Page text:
Denying officers access to the video records of incidents before they write their reports serves only one purpose: It's a trap. The goal here is to play "gotcha" with the officers and try to catch them in a lie.
Understand that the law throughout this country is that officers are permitted to use objectively reasonable force under the totality of the circumstances, and that means they do not have to use deadly force only if nothing else would work.
If we start punishing officers for every mistake, just because an encounter ended in the justified shooting of a suspect, then officers will surely minimize their contact with suspects.
When the public sees a news video that apparently shows an officer committing excessive force, the incessant media-driven quest for "Justice! Now!" puts false hope in the minds of many that there will be quick and easy answers for complex events.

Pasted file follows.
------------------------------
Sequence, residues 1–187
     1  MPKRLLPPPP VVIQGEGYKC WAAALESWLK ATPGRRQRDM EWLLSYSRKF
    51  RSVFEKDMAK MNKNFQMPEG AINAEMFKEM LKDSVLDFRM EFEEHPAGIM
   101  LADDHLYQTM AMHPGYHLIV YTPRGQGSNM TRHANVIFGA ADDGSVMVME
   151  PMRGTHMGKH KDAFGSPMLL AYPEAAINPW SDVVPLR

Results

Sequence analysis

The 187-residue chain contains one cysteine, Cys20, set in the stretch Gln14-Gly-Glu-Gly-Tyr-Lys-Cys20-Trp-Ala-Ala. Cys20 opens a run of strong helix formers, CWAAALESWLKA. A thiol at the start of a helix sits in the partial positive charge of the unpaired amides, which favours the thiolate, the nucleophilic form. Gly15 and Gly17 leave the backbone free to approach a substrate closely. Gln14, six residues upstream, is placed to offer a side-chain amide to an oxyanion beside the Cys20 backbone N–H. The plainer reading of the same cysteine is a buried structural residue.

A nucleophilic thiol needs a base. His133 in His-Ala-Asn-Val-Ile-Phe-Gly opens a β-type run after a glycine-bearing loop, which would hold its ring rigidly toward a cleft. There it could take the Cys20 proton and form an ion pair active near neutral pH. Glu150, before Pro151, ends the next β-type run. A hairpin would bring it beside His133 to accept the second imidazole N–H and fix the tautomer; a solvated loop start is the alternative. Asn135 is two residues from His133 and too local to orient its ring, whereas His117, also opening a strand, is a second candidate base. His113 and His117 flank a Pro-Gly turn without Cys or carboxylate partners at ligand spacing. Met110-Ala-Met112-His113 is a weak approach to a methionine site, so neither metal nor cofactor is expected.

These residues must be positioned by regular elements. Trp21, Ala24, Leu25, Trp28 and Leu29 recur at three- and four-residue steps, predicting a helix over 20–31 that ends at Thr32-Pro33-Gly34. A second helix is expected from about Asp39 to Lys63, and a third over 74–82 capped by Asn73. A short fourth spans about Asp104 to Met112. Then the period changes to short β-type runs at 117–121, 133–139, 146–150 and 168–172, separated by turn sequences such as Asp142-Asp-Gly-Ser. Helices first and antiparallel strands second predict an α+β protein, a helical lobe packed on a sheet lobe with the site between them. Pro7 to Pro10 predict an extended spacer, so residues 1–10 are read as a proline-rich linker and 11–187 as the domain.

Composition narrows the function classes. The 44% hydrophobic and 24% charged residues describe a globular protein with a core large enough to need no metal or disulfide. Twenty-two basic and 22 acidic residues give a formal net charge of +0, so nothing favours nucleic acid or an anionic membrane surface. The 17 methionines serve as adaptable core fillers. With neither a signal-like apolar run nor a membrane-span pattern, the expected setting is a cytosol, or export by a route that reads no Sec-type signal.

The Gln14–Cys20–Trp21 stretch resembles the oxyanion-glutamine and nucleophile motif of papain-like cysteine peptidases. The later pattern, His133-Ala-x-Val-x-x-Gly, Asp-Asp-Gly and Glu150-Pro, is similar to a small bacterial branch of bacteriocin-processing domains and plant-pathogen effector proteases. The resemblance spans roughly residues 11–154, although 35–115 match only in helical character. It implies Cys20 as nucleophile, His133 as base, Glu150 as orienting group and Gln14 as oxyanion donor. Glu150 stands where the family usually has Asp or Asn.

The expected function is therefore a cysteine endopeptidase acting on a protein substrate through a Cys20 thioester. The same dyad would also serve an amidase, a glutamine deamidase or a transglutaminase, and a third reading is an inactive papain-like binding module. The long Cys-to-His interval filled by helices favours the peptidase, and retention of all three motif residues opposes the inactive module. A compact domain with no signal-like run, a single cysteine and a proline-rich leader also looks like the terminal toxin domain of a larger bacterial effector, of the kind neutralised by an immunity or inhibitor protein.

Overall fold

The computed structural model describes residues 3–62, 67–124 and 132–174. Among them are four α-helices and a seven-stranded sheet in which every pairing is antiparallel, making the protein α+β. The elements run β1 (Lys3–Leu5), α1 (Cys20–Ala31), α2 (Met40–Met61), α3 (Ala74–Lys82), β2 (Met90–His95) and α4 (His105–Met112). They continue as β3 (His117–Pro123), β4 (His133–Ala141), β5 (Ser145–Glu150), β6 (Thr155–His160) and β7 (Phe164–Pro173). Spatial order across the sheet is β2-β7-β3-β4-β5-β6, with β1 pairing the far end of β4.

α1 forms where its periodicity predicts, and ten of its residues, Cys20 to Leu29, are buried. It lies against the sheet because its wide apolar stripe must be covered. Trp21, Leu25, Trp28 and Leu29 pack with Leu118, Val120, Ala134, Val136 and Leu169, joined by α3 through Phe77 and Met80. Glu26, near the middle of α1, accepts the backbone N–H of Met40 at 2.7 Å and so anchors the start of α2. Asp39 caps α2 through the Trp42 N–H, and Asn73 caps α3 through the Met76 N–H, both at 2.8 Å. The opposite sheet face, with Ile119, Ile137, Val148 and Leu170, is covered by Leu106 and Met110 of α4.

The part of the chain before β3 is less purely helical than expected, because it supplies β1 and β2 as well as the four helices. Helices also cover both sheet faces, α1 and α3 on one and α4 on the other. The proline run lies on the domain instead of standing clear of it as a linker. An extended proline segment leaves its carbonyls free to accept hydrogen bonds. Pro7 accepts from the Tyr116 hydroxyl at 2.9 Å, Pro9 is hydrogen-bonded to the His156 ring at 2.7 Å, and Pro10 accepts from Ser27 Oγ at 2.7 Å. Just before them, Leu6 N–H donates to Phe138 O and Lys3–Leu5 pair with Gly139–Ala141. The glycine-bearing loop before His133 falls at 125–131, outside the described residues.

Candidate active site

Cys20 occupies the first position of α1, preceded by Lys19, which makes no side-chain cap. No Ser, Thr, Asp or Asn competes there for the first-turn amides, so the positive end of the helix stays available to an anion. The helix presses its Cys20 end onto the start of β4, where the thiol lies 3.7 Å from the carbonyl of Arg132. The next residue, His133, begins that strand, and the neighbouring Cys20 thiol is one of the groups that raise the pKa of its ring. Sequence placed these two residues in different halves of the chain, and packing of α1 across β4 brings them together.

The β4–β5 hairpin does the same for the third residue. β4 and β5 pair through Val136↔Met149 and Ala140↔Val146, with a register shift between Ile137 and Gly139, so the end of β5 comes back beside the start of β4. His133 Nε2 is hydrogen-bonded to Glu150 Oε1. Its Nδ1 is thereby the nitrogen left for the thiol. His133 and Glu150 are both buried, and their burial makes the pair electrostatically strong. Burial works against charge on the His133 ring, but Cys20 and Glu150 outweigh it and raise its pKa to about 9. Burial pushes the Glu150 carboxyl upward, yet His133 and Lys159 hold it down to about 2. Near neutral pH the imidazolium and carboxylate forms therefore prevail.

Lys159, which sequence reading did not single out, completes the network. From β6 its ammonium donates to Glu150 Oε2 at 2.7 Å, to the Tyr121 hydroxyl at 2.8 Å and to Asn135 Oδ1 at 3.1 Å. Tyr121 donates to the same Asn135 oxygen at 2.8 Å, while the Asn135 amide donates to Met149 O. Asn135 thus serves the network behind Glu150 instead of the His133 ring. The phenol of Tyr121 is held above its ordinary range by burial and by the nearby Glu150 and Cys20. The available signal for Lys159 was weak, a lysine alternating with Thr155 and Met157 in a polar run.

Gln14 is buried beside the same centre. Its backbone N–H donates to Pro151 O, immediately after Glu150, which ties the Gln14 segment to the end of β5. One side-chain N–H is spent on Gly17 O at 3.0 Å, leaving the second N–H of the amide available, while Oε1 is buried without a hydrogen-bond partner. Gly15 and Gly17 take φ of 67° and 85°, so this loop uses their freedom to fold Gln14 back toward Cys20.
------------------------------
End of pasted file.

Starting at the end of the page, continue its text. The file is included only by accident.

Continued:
You quickly realize when working a scenario in the new Theater from MILO Range Training Systems that it's a new kind of use-of-force simulator. Not only does the Theater system provide an immersive multiple screen experience, the images projected on those screens react to your movements.
It's well known that an offender who decides to resist arrest or attack a police officer must consider the possibility of being injured or even killed for doing so. What is unknown is how the proliferation of less-lethal weapons has changed and will change the way these men and women think.